By PAULA TRACY, InDepthNH.org
Some call it the “crown jewel” of New Hampshire’s landscapes and a national landmark because of its diversity of habitat and wetlands.
The Pondicherry National Wildlife Refuge is perhaps the best kept little secret with the most stunning view of the White Mountains I have ever seen across a body of water.
Tucked away from civilization is this massive, 10-square mile nature preserve in Jefferson, Whitefield, and Carroll. Its centerpiece is a 100-acre natural and wild Cherry Pond with a staggering view of Mount Washington and the Presidential range rising up only 12 miles away.
This fall, it is my pick for a wonderful walk in what will likely be a socially distanced foliage season.
You won’t be bothering the neighbors here because there are none.
In 1972 it was designated a national landmark by the National Park Service and named the first important bird area in New Hampshire in 2004.
In fact, more than 238 species of birds have been identified here, including over 50 species of water birds.
Habitats are also diverse and include open water, boreal forests, swamps, early successional habitat, grasslands, some champion aged trees, fens, floating peat bogs, and northern hardwoods.
I saw moose tracks in the mud, coyote scat on logs, was startled by ruffed grouse, saw a large Common loon and only a handful of human beings in a three-hour visit.
It was peaceful.
I made the trek on Sunday by foot with my dog, binoculars, and cell phone which was useless save for its camera.
You can see by these photos from my iPhone, which doesn’t do it justice, that this is perhaps the most perfect view of the White Mountains to visit this fall without venturing on a long and arduous hike or dealing with crowded overlooks.
There are no camps on Cherry Pond. No roads. No human sounds out here. Only birds and a possible passing airplane.
To get in, one only needs to walk in some cases several miles over flat, sometimes bog-like terrain.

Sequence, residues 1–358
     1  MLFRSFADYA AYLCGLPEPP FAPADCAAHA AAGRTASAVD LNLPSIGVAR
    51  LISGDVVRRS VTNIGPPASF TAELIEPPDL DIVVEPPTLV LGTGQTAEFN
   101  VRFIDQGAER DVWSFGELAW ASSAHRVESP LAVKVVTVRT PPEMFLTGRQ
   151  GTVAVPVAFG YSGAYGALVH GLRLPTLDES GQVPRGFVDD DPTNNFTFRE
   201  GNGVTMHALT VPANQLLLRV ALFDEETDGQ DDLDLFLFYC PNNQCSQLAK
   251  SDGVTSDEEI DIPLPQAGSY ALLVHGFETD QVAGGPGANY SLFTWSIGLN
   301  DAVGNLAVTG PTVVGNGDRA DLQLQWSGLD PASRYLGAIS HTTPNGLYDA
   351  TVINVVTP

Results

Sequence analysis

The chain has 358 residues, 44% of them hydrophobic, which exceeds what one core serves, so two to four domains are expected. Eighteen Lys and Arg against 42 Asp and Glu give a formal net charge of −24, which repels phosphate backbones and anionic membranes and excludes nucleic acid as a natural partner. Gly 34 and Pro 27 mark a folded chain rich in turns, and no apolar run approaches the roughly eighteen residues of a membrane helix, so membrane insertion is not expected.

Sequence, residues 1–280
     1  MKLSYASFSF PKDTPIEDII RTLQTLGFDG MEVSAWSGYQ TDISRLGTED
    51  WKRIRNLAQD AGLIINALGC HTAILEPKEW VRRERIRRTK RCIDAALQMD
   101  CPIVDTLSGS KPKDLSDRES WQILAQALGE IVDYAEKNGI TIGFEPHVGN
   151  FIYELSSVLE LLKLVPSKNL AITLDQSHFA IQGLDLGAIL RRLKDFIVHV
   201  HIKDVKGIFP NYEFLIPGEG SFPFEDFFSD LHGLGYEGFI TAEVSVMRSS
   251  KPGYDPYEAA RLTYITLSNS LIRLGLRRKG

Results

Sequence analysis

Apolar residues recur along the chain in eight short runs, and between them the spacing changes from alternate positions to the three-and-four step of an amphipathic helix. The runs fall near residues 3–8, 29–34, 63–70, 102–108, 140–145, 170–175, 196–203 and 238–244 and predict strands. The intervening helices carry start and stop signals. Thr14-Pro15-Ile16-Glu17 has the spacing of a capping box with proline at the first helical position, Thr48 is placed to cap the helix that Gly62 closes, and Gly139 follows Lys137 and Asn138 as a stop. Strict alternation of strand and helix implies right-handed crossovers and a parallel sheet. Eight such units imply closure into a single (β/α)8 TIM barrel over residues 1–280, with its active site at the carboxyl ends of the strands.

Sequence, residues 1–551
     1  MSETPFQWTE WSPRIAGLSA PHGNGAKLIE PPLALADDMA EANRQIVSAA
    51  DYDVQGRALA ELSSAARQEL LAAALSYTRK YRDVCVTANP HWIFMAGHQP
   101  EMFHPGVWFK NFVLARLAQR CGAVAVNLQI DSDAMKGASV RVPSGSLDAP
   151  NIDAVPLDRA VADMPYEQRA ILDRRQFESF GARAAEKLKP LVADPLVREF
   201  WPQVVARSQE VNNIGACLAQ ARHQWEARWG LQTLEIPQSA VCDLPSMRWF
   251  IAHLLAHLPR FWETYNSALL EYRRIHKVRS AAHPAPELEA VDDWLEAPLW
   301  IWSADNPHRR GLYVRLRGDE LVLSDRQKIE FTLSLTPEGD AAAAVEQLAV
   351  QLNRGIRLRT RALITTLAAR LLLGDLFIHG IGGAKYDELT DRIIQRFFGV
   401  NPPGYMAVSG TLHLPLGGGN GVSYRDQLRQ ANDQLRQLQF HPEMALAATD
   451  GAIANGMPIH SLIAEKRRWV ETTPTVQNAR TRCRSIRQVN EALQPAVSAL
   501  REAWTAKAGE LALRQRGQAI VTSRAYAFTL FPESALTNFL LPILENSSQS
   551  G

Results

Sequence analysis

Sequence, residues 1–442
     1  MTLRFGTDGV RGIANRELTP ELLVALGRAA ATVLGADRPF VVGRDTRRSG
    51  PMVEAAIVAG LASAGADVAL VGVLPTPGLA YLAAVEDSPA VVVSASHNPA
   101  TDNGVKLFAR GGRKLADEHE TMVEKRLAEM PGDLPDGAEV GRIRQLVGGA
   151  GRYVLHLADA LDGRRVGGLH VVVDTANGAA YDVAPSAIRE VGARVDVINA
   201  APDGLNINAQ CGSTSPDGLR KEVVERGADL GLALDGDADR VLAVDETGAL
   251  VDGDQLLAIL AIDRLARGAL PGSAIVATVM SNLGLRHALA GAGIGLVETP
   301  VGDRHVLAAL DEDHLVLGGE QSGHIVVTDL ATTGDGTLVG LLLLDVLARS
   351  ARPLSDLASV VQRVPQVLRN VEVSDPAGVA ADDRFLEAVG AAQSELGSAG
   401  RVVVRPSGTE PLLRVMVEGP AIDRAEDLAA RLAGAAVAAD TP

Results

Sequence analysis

There are many types of trails, as I will get to, but I only ventured on to one.
By chance, I took the most remote and longest of the trails in. It is the Col. Whipple Trail off Whipple Road in Jefferson. It took about an hour to get to the lake over the flat and sometimes rocky, boggy, uneven and narrow trail.
The foliage to the north had begun to show some reds and orange and the view of Mount Washington and the Northern Presidentials was clear out across the pond, which is only about six feet deep.
In another two weeks, this area will likely experience peak foliage at the end of the migratory season.
My introduction began in the 1970s.
I knew about Pondicherry almost 50 years ago but it seemed far, remote, and inaccessible to me then as a child growing up in Concord.
I used to take art classes for kids at the Currier Art Gallery in Manchester. My teacher was Mrs. Barbara Day Richards, and we became friends.
I was not a good artist, but I loved nature and flowers and she did as well and we had the mutual experience of living in Oxford, England. I had just returned after a year of living on Boar’s Hill.
She was the wife of Tudor Richards, who is known to this day as the “father of Pondicherry.”